The Anderson Institute opened on 4th August 1862. It was the gift of Arthur Anderson, whose aims were to increase the limited provision of elementary education for poor children and to provide higher education for children whose parents could afford to pay fees. Arthur Anderson bought a site, made arrangements for the building of a school and schoolhouse and because of the failure to raise money from the few people who might have subscribed, he had to endow the school himself. When the school first opened there were only fee paying higher school pupils but within a few months the elementary school opened too.
The two sections of the school continued to operate as one until the end of the century. The school building had three parts: the Headmaster had the central part as his home where he could keep boarders to augment his income, and the two wings were the teaching areas – the north wing for the upper school and the south wing for the lower. In December 1902 the elementary pupils were transferred to the new Central School and the Anderson Institute became concerned only with higher education. There was considerable advantage in that the south wing could provide more classroom space and that space sufficed until the 1920s when the first extension to the building was carried out.
The Headmaster’s accommodation was converted to classrooms and there was an extension on the west side. The frontage of the school remained as it was, but the pupils could, after 1926, go from one part of the school to another without having to go outside. There were two new classrooms out to the west, and the small divided rooms in the wings were made into bigger classrooms. To add to the facilities of the school, the fields of Bellevue were bought to provide outdoor recreation. The school roll during the 1920s and 1930s remained around 130-150 and it was a period of stability and considerable academic success.
During World War II the Institute was taken over to be used as a military hospital and 130 pupils were accommodated in the Central School along with the pupils of that school in overcrowded conditions.
When the war was over and the pupils returned to the Institute in April 1946, there was a sense of space again but that situation was not to last for long. The Education (Scotland) Act of 1945 allowed secondary education to become a reality for many more young people. A report from the Inspectorate indicated that the Institute lacked a gymnasium and facilities for technical and domestic courses, and there was insufficient accommodation for art and music. The education in secondary schools was to be extended not only to more pupils but also to a wider curriculum. At the beginning of 1947 there were 152 pupils but the following session there were 202 of whom 73 were in first year. For a number of years ex naval wooden huts were adapted to provide the extra classrooms required and to fulfil the needs of the new subjects in the curriculum.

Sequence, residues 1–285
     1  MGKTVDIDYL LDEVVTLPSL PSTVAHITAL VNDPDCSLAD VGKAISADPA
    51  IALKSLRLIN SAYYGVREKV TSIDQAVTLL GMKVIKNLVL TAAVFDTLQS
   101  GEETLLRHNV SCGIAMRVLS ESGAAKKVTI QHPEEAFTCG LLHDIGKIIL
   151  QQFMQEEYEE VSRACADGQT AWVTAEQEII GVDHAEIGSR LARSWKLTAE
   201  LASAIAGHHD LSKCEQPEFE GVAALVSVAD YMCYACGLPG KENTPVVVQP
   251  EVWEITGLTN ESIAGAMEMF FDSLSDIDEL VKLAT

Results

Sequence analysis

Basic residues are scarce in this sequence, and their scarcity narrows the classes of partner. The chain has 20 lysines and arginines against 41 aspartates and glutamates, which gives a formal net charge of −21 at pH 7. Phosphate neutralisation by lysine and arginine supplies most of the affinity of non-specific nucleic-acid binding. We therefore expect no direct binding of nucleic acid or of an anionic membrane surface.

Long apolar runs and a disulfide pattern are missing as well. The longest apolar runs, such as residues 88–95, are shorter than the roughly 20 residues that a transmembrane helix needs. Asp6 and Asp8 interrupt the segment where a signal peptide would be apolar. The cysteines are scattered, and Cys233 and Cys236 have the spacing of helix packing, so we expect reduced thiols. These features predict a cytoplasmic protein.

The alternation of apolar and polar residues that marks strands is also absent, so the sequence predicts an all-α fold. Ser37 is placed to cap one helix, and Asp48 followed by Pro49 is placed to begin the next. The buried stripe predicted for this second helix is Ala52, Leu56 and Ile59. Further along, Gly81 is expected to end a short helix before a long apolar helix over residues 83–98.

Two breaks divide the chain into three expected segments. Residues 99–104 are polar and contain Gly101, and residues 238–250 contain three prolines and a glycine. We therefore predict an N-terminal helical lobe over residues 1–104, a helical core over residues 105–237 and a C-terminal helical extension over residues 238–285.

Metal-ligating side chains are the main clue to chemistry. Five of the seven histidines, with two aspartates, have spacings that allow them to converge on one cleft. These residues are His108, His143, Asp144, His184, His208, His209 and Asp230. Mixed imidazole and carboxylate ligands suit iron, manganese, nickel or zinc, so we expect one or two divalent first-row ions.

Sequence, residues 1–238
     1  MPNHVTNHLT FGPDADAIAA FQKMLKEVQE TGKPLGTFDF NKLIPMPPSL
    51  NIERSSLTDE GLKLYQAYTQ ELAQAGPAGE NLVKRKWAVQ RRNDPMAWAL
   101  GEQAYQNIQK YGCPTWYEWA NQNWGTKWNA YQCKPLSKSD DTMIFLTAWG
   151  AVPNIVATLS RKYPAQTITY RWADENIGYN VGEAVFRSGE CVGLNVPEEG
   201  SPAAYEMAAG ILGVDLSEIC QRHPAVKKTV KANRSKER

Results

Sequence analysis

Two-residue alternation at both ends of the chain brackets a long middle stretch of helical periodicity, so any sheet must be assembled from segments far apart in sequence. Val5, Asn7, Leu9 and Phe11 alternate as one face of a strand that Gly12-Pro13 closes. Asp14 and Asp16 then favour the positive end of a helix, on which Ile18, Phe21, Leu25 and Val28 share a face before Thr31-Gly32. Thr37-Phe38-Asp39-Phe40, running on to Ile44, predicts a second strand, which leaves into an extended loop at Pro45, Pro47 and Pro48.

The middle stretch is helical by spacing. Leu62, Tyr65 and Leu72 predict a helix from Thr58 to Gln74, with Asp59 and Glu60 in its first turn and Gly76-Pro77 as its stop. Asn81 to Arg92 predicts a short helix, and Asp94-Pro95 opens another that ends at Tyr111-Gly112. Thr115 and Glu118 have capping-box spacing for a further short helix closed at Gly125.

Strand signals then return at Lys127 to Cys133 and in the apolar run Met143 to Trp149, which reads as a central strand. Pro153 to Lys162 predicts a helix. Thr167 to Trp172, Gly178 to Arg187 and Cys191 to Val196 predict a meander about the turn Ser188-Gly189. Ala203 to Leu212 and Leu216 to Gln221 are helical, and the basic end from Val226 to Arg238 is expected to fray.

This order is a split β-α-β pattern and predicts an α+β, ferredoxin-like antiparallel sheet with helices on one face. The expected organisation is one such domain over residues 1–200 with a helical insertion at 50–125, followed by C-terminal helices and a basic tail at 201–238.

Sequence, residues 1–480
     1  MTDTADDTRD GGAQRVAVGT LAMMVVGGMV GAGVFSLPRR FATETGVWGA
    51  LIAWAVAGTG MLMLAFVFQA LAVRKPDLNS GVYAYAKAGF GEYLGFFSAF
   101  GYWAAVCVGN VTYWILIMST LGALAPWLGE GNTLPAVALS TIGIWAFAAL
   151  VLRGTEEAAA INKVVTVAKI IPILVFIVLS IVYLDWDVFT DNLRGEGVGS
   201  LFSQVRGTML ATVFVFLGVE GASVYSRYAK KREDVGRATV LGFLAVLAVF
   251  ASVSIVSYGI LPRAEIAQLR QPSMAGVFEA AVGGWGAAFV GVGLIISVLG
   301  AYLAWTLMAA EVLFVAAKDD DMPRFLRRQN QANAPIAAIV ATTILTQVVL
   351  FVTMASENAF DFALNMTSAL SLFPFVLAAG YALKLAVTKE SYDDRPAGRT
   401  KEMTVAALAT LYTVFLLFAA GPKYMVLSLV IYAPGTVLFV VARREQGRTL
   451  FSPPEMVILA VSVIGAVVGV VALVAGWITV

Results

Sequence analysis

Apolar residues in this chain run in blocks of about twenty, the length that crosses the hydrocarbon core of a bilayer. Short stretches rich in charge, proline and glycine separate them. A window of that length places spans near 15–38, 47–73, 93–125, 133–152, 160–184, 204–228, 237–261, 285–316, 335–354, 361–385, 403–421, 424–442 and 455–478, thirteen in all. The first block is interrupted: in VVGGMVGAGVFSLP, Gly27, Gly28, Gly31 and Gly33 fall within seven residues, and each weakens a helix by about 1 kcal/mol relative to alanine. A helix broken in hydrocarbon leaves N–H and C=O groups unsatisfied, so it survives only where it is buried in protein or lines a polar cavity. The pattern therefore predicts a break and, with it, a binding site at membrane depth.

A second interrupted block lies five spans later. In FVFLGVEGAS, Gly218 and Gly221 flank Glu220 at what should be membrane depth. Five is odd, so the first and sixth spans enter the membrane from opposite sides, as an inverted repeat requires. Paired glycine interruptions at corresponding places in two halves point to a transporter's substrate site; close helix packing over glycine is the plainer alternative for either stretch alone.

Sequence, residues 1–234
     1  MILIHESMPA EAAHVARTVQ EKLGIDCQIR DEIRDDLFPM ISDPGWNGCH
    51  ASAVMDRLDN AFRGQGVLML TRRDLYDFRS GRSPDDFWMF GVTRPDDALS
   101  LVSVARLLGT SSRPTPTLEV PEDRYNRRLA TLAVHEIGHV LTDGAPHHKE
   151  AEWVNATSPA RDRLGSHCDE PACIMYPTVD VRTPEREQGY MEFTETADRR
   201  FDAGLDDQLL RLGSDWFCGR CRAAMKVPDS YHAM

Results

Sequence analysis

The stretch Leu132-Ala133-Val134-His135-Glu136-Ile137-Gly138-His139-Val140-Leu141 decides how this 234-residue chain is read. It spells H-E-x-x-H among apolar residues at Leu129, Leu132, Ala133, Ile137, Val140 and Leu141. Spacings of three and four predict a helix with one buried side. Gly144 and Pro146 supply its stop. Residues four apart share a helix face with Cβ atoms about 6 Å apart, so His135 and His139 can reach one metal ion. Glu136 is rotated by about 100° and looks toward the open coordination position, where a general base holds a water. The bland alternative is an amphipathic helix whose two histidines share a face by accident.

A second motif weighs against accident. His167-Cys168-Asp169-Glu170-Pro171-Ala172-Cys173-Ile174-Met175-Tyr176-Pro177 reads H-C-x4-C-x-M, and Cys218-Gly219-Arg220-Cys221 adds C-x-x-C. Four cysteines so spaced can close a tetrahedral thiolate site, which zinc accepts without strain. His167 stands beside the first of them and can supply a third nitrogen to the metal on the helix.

The school roll grew gradually, and work on a much needed extension began in January 1962, the year that marked the centenary of the school, when the school roll had risen to 347. Once again the new buildings stretched to the west at the rear of the school. A bridge was made between the old and the new which had a large assembly hall, a separate gymnasium and purpose built classrooms. The pupils who began Class 1 in 1964 when all building was complete finished their six years in 1970 when the school took on its present form.
In 1970 to fulfil the needs of comprehensive education, the Anderson High School was formed from the Anderson Educational Institute and the secondary division of the Lerwick Central School. There was not enough accommodation for the pupils to be together in one building. For a number of years the school was divided between two sites while planning for, and then actual construction, took place. A vast new block of classroom accommodation, followed by a Games Hall, dwarfed the original building which became the English Department, but not even the vastness of the new extension could cope with the increasing roll of the 1970s and hutted accommodation has remained a necessity.
In 1993 a temporary extension linked to the school was built to house the Chemistry and Biology departments. In August 2005, the Additional Support Needs department was opened, off Gressay Loan.
In October 2017 the Anderson High School moved from the original site on the Knab to a new building at Clickimin.